Thesis
Cosmetic surgery is a thriving industry worldwide and Thailand is one of the market leaders. However, research which has explored issues concerning cosmetic surgery largely focuses on that of females. Moreover, it revolves around surveying clients, either quantitatively or qualitatively, rather than investigating the text which they consume. Even among the studies examining such text, they are predominantly conducted with the text published in offline media and within a Western context. Therefore, the current study seeks to address such knowledge gaps by concentrating on online texts which male clients possibly consult for cosmetic surgery in Thailand. Since it is required by law that cosmetic surgery be conducted within authorised medical establishments, Thai cosmetic hospitals play a vital role in pursuing particular discursive strategies to communicate with clients. It is those strategies which the present study intends to investigate. To be exact, it intends to answer the following research questions: (1) What discursive strategies are employed by Thai cosmetic hospitals to propagate the ideologies about cosmetic surgery for masculinity enhancement? and (2) How do such strategies operate? To answer the first question, the present study employs Van Dijk’s conception of the ideological square. It consists of how to: (1) emphasise our good things, (2) de-emphasise our bad things, (3) emphasise their bad things and (4) de-emphasise their good things. This framework is useful in providing a general principle of how hospitals are likely to communicate with clients. However, an additional issue may arise with regard to, for example, in which way hospitals actually emphasise the good things of cosmetic surgery. Such an issue connects with the second research question. Hence, the other framework, Taylor’s six-segment message strategy model, comes into play by functioning as a specific tool to answer it. The model consists of the ego, social, sensory, routine, acute need, and ration message strategies. Methodologically, the present study utilises a corpus-assisted discourse analysis which amalgamates a quantitative method (the identification of significant keywords and collocations) into a qualitative analysis (the investigation of data extracts containing those significant lexical items). The corpus consists of the English version of webpage content belonging to 20 Thai hospitals with a total number of 73,168 words. The findings reveal that, firstly, to emphasise the good things of cosmetic surgery, hospitals implement the ego, social, sensory and ration strategies. Secondly, to de-emphasise the bad things of post-operative complications, hospitals employ the ration strategy. Thirdly, to emphasise the bad things of not undergoing cosmetic surgery, hospitals adopt the ego strategy. Fourthly, to de-emphasise the good things of other means which are perceived as a rival to cosmetic surgery, hospitals pursue the ego and ration strategies. Overall, a preponderance of these strategies revolves around the notion of masculinity, which is conceptualised as the ideology concerning how to feel like a man, act like a man and have a body touted as a man. The current study makes a theoretical and practical contribution. Theoretically, it is among the first which triangulates the discourse and the communication frameworks to analyse gender-related discourse pertaining to cosmetic surgery for masculinity enhancement in the Thai context. Practically, it hopes to raise awareness and promote media literacy among male clients about how cosmetic hospitals manifest and medicalise the ideology of masculinity via their online platforms.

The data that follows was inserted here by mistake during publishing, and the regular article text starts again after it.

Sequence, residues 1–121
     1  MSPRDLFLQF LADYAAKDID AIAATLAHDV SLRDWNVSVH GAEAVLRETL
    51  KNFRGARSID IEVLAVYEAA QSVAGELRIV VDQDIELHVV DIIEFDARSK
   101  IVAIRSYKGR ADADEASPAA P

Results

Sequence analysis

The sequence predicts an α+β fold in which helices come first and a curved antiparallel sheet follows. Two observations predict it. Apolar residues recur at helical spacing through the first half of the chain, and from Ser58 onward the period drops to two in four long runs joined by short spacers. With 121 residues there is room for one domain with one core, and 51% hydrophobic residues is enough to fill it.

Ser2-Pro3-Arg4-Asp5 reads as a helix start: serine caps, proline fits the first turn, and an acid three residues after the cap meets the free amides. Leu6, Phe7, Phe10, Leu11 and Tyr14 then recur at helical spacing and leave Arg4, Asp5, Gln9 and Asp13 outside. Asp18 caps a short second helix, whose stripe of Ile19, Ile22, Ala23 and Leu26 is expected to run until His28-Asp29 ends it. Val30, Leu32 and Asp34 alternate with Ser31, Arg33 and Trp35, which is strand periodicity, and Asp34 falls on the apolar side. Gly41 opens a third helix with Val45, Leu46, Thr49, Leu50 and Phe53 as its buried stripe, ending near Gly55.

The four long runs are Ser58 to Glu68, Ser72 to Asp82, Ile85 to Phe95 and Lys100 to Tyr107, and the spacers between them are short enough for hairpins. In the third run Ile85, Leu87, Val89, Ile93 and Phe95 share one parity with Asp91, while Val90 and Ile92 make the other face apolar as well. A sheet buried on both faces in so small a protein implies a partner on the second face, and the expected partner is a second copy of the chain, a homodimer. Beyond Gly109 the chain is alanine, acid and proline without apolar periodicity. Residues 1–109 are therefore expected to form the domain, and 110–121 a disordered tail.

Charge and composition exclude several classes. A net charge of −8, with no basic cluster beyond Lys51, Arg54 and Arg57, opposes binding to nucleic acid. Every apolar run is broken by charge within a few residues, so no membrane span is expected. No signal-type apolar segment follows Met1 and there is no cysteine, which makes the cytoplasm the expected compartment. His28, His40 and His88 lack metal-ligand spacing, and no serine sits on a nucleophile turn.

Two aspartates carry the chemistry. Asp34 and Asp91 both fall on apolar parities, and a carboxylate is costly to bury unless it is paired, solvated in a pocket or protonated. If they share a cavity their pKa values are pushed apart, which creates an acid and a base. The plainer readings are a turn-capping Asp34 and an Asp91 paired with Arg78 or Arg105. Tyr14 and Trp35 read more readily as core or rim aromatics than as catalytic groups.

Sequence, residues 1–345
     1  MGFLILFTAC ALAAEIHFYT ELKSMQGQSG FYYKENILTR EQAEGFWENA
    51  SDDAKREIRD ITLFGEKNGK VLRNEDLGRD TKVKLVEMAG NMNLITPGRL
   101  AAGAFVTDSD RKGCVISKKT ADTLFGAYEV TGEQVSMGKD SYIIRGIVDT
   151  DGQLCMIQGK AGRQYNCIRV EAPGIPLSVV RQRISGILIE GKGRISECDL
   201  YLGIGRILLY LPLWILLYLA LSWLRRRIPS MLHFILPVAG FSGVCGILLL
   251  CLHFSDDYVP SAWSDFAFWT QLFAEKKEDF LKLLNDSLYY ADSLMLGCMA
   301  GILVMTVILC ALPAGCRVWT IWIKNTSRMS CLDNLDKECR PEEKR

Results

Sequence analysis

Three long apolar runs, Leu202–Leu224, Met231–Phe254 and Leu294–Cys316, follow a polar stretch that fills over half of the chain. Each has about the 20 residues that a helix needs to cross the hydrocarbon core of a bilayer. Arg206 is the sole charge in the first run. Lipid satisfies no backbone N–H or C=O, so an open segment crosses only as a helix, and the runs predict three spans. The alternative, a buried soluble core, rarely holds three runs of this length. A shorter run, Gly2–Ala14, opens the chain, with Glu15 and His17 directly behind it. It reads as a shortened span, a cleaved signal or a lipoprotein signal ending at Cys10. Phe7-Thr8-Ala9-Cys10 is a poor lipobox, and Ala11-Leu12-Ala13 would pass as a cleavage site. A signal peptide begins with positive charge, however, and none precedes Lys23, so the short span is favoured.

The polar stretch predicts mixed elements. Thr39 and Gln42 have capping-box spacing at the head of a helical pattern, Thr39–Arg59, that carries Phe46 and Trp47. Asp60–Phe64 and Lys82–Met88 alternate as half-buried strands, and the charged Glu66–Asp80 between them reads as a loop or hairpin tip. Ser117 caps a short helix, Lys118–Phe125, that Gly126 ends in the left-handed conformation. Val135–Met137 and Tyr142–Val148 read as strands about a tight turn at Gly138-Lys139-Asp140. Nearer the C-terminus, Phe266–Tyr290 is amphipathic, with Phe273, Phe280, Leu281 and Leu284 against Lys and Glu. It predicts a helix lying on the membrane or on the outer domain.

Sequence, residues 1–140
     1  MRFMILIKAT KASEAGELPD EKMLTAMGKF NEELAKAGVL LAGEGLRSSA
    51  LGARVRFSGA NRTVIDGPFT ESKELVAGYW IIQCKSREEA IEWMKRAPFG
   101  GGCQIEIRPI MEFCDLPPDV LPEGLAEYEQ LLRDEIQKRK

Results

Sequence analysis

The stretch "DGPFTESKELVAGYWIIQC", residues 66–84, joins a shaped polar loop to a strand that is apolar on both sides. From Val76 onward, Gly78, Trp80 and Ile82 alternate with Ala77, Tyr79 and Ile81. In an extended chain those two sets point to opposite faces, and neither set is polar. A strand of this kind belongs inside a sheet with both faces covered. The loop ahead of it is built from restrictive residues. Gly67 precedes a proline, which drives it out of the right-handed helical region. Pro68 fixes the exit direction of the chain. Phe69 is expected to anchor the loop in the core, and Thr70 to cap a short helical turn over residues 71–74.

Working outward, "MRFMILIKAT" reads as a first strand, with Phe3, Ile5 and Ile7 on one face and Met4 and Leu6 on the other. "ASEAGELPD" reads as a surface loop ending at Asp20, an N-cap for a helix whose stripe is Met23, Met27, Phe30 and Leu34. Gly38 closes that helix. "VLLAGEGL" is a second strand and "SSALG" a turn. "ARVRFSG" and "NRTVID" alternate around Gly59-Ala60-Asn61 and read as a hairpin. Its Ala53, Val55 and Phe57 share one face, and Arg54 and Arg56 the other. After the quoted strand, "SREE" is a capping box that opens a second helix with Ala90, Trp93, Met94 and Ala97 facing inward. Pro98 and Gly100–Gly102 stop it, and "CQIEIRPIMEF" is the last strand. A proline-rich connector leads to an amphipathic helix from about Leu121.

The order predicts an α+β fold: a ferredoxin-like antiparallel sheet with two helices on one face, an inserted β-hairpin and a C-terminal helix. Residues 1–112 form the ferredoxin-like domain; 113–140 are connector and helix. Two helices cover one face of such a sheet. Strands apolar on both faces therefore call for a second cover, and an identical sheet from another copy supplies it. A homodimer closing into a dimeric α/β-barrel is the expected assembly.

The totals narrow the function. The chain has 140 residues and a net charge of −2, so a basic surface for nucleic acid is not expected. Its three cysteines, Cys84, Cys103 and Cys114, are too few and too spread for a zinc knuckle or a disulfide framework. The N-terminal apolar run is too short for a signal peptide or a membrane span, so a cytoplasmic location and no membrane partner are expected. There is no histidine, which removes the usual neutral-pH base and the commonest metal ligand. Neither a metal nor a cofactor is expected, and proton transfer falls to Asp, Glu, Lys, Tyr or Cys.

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The grievance fueled violence paradigm encompasses various forms of targeted violence but has not yet been extended to the theoretical discussion of sexual violence. In this article, we argue that a wide range of sexual offenses can be usefully conceptualized as forms of grievance fueled violence. Indeed, our assertion that sexual violence is often grievance fueled is unoriginal. More than 40 years of sexual offending research has discussed the pseudosexual nature of much sexual offending, and themes of anger, power, and control – themes that draw clear parallels to the grievance fueled violence paradigm. Therefore, we consider the opportunities for theoretical and practical advancement through the merging of ideas and concepts from the two fields. We examine the scope of grievance in the context of understanding sexual violence, and we look to the role of grievance in the trajectory toward both sexual and nonsexual violence, as well as factors that might distinguish grievance fueled sexual from nonsexual violence. Finally, we discuss future research directions and make recommendations for clinical practice. Specifically, we suggest that grievance represents a promising treatment target where risk is identified for both sexual and nonsexual violence.